Is That Behavior Trained or Genetic?

PUBLISHED ON September 16, 2016 by adria karlsson

Training a dog is about way more than teaching them to sit on cue or walk on a loose leash. When you first bring a dog into your home, there are so many things that you would like them to do or not to do. These rules may seem arbitrary to your dog, and may in fact be arbitrary. I have about as many clients who want their dog to sit with them on the couch in the evening, as I have clients who don’t want their dog on the furniture. How’s a dog to know what to do?

This is where science helps! We know from studying behavior that reinforced behaviors will increase. Punished behaviors will decrease. We also know that behaviors that fail to pay-off are “extinguished”. Extinction is actually a great tool, when used correctly, as it can avoid some of the negative side effects of punishing a behavior. What does this mean? If we feed, pet, praise, or chuck toys to our dogs for keeping four feet on the floor and lying on the rug… we’ll get a dog who doesn’t go on the couch. Conversely, if we do all those things for joining us on the couch, we’ll develop a couch potato.

When someone has a new dog in their home, I tell them to carry food all the time. If their dog does something they like, feed them. If they do something they don’t like, walk away and ignore it if possible. This usually starts to shape up the dog’s behavior into something that is appropriate to their new household. Even if someone isn’t doing this intentionally, you can bet their dog is learning. It might just take a bit longer.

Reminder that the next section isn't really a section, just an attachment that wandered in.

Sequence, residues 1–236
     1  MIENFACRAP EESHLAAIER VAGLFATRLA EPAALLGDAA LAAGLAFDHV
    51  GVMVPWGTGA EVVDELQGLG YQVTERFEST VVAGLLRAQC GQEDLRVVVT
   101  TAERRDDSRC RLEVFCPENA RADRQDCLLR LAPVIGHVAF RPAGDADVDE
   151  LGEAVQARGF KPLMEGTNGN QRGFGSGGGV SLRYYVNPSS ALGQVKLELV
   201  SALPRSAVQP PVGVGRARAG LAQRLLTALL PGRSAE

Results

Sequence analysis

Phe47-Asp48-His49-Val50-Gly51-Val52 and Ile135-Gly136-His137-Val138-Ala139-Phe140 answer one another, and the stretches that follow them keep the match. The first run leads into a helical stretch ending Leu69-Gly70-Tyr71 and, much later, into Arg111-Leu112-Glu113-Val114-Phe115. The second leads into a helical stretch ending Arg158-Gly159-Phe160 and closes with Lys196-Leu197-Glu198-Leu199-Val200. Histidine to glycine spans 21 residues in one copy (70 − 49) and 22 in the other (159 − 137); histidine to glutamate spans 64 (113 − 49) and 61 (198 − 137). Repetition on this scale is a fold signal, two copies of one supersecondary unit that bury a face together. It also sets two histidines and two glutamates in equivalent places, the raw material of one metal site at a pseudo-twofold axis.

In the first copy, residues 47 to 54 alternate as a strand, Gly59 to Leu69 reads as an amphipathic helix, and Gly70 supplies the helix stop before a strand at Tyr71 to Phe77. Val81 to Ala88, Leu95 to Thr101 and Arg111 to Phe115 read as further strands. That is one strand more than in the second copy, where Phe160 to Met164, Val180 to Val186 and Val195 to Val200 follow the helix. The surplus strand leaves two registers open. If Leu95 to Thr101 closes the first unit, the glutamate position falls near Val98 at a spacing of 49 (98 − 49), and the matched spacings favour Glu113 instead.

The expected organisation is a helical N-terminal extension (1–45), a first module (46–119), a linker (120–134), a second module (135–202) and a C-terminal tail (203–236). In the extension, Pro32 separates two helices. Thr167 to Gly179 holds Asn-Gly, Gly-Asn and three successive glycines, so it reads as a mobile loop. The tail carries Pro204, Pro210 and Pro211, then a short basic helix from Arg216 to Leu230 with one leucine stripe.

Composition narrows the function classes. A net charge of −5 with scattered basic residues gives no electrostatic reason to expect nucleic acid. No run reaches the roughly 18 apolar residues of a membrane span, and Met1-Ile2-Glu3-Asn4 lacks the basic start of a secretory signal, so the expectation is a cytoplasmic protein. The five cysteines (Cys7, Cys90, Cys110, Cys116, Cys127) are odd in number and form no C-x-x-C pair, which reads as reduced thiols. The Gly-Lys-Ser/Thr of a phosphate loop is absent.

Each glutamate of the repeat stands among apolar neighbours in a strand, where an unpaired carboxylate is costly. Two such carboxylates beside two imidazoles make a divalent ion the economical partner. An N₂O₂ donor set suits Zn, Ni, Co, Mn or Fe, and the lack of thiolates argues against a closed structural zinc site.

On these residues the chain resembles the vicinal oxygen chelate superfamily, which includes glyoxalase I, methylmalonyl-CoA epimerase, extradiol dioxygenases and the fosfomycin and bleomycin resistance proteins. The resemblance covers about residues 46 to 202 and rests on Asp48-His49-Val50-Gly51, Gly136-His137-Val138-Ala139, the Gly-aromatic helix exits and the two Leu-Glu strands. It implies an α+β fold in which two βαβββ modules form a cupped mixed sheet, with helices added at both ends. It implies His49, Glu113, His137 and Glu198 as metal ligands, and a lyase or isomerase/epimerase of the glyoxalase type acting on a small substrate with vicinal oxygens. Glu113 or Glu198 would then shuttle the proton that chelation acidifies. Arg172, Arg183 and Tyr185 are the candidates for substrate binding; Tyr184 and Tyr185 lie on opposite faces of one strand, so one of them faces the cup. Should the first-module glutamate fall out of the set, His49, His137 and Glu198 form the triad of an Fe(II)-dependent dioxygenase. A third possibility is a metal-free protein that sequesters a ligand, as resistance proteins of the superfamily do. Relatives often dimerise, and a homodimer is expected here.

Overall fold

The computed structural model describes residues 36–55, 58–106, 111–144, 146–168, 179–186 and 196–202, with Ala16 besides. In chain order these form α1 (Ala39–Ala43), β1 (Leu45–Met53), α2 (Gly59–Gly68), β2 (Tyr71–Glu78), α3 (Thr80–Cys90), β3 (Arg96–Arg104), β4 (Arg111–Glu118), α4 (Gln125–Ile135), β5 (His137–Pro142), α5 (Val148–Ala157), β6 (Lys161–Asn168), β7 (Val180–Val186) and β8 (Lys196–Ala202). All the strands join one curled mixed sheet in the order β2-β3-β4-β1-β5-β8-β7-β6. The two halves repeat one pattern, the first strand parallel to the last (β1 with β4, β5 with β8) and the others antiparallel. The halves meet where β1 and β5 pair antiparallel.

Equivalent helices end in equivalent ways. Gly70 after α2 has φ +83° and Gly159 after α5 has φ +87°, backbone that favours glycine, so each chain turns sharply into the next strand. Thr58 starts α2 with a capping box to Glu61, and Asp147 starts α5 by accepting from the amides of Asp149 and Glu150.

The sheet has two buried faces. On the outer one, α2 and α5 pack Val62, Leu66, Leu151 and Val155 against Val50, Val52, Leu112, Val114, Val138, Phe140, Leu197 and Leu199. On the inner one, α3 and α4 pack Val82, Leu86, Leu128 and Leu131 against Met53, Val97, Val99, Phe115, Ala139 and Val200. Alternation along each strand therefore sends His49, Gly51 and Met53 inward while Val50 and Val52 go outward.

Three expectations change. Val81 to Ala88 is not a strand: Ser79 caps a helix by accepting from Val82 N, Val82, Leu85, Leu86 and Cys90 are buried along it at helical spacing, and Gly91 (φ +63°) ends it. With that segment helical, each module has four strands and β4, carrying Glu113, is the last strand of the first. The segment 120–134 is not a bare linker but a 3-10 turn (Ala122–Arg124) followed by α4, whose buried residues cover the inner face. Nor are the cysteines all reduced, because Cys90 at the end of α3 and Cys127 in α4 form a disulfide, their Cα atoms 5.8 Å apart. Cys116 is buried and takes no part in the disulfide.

How does this relate to Darwin’s Dogs? It means that we faced a big problem when trying to look at what behaviors might be primarily genetically derived versus human reinforced. For example, your dog may fetch a ball because you actively trained it to do so with a clicker and treats. Or your dog may fetch a ball because you threw it and that’s just what your dog does. (Or your dog, like mine, may stare at the ball in confusion and wonder what the point of this game is.) Your dog may love to swim… but is it because they were born that way or because you play with them in the water? What behaviors does your dog perform that you don’t care either way? Eating grass? Licking the dish? Circling before pooping? We tried our hardest to think of behaviors that we wonder at rather than try to train or fix. You’ll see those questions popping up throughout the surveys. But teasing apart hereditary behaviors from those we reinforce in our dogs is part of the challenge that this project poses.

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